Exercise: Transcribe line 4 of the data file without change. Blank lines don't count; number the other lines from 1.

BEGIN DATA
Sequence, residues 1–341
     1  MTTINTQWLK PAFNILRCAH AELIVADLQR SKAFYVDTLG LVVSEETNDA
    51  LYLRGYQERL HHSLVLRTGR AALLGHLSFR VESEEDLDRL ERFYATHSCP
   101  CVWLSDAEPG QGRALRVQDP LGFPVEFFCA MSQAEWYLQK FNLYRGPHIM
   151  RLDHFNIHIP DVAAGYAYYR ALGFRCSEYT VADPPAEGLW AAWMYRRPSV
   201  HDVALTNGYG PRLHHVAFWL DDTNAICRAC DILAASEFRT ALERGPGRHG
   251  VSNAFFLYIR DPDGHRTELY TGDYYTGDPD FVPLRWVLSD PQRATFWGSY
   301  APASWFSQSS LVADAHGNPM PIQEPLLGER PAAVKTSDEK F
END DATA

   101  CVWLSDAEPG QGRALRVQDP LGFPVEFFCA MSQAEWYLQK FNLYRGPHIM